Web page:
Friday, May 7th, 2010...12:00 am

Growing Plants is a Trial and Error Learning Process

Palouse Falls custodian -“Pete” by oldmantravels

When readers write to say how they struggle to save a marigold, I must tell readers that I have lost more than just one marigold given to me by a friend. There is a saying among gardeners that to learn one has to have killed one hundred plants. This may or may not be an exaggeration. My father-in-law jokingly said that being in the nursery business was the best business because plants were always dying and people were always replacing them. So though I came from a farm, the problems on this property where I have now lived for 35 years were so different from that sunny farm that I had to learn a lot.

For example, mine is a property with trees. Much of the property is covered with huge trees whose roots are wide and the tree canopy shades much of the ground. And where there weren’t native trees, the previous owners had planted sycamore trees that are huge. The farm was open and sunny all day long. You can’t really farm in the woods. Some of the trees on this property are black walnuts. Nut trees in general and black walnut trees specifically give off a toxin called juglone that kills many other plants. We never had one nut tree on the farm.

This property has a stream that cuts it in half and floods during bad storms and is very low, almost dry, in time of drought. The stream nearest the farm was at the back edge of the property in the woods and it never flooded the farm nor ever went dry.

The soil on this property is clay and it is filled with shale. Every time one digs, one hits shale rocks. There were small rocks on the top of the soil at the farm when my parents bought the property, but once they removed them, underneath the soil was rich and fairly friable- good for planting.

When I was growing up, we never saw a deer. Most were routinely hunted for their meat and the hunters had to go pretty deep into woods to find them. Later, before my parents came to stay with me, they too had begun to have a deer problem. But I moved into a deer problem area as so many parts of the country are now because hunting is not allowed.

When I grew up we had dogs so we never had woodchucks or so many of the small animals that have moved into suburban areas today. TheGardenLady never saw a live woodchuck until she was a grown lady. Now, if you don’t have aggressive dogs that like to chase animals like deer and woodchuck, these animals hang out a sign that tells their family to come for free dining.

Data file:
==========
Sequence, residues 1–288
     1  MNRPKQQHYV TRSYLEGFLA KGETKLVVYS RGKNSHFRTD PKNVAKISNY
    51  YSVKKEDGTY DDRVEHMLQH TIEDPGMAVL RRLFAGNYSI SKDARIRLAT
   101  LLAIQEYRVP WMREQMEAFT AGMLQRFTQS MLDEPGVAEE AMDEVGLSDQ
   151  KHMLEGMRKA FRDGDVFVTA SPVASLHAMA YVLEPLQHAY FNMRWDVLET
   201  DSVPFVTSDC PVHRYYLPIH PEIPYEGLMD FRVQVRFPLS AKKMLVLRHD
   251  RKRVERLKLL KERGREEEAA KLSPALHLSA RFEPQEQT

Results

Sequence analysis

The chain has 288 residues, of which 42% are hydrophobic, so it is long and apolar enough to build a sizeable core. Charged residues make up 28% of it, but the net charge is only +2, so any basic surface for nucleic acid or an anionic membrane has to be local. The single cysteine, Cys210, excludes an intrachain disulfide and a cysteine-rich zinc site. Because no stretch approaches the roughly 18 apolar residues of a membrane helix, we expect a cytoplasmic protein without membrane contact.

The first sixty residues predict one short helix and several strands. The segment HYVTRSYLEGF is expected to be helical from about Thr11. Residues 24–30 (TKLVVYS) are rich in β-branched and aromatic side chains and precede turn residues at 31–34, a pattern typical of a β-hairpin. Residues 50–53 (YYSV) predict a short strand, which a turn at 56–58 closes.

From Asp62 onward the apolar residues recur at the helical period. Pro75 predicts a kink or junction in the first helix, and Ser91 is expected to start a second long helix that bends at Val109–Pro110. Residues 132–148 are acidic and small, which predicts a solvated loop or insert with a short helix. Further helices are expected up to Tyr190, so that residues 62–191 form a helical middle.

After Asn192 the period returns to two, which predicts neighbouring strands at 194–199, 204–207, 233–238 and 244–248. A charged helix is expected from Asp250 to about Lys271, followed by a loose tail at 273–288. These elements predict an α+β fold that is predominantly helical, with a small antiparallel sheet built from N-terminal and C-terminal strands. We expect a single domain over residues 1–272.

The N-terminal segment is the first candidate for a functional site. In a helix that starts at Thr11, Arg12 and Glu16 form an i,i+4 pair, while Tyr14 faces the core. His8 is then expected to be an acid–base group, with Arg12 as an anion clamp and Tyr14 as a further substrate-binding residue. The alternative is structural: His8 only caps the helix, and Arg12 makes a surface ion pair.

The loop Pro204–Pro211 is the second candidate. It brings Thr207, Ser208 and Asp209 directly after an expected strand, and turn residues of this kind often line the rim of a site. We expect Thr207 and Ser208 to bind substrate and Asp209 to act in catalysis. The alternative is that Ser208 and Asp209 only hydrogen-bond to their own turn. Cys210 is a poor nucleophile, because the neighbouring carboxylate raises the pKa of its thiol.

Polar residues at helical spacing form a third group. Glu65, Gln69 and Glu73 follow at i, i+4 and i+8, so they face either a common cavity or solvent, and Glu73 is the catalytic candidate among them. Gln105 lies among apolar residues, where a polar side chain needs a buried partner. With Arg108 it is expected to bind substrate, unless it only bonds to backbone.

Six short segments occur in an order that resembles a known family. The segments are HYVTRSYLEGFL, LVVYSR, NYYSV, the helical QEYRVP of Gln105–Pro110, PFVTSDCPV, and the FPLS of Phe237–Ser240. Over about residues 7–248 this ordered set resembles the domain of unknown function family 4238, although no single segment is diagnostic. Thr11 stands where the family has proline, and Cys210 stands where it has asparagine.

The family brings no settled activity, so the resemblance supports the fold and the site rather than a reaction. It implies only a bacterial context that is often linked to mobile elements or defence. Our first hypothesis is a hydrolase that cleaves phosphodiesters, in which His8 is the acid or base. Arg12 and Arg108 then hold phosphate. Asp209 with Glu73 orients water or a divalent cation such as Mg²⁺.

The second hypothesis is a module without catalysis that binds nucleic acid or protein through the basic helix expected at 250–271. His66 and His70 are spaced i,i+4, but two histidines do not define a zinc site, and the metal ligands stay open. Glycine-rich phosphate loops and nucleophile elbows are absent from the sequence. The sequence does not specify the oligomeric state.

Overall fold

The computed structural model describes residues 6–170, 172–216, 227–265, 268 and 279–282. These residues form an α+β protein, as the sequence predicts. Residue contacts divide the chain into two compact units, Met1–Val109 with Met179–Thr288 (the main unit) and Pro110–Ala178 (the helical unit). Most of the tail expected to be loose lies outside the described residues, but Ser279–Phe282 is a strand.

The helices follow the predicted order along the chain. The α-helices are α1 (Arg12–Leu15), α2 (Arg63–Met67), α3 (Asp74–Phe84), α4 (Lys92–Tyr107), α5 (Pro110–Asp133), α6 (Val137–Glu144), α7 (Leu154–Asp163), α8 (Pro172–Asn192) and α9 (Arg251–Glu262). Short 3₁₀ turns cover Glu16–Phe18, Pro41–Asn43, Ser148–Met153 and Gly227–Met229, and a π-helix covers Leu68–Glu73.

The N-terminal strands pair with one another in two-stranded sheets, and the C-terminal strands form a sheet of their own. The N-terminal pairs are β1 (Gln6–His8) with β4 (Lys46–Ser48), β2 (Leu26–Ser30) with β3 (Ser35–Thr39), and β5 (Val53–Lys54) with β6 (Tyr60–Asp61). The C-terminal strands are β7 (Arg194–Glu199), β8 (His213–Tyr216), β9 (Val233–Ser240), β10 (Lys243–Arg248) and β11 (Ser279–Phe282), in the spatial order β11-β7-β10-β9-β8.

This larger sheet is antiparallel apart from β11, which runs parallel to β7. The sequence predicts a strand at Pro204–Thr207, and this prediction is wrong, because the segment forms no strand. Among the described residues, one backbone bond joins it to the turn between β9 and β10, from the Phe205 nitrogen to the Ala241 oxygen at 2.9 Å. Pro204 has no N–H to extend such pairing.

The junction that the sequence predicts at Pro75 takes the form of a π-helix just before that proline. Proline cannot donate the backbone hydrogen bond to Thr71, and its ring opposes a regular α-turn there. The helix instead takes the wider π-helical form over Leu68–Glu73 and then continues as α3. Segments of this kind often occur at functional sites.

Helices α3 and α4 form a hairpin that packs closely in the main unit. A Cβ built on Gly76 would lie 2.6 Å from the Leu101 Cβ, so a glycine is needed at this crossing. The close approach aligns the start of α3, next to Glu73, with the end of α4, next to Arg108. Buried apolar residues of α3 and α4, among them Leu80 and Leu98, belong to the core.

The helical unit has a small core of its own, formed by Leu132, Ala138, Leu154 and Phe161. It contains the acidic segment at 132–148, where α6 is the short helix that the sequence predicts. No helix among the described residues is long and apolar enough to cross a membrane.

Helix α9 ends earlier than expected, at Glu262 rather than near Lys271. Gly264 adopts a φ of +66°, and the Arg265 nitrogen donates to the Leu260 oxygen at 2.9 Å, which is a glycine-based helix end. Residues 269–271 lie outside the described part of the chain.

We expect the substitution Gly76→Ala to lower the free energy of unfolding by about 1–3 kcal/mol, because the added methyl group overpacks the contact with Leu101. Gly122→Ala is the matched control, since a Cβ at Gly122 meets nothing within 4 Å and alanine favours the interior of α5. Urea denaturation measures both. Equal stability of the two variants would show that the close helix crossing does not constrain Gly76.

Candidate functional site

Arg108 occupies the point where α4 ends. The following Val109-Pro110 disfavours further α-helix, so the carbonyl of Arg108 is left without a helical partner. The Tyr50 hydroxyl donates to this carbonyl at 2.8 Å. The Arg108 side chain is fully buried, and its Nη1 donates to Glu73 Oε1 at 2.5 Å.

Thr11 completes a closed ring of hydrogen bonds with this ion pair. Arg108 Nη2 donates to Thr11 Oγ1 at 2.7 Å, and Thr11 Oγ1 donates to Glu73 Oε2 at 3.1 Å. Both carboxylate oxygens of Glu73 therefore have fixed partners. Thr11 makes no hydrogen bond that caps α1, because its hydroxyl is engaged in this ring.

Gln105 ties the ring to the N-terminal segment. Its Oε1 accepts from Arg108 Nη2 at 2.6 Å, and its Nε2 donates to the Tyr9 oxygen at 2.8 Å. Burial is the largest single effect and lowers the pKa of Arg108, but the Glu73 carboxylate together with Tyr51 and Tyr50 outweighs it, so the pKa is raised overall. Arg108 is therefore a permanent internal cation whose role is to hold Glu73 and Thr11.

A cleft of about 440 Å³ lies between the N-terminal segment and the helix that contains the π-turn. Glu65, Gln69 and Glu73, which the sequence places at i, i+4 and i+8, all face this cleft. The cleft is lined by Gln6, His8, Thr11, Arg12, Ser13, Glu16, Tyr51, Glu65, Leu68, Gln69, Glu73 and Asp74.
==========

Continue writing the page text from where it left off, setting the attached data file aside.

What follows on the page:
We rarely saw a wild rabbit on the farm. One elderly local farmer whose father before him farmed his acreage had fenced in his property to keep out the deer but he told me that rabbits crawling in under the fencing ate a lot of his vegetables. Besides hunting, dogs were always loose to chase animals and not as well fed as they are today. My late basset hound thought these wild animals were friends and never discouraged their visiting.

So TheGardenLady had to learn a lot about gardening in her special environment and she lost some of those 100 plants before she learned.

I am writing this to let you know that you are not alone in these problems. The reason the Master Gardener organization was started was to help people with these problems. By working closely with the state agricultural extension, Master Gardeners get some of the newest research on how best to handle these problems and they tell the new solutions when clients call.

So don’t get upset if you lose or have lost some plants. That is bound to happen. And take pride in your successes. TheGardenLady would love to have you show off your successes so that other gardeners can learn from your success.

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1 Comment

  • The only thing that worked for me to scare rabbits, deer, etc. away and was humane and non-toxic was the Contech Scarecrow Motion Activated Sprinkler. You can find it at this website You’ll never have to worry about animals in your yard or garden again. Thought you might find this interesting. Take care.

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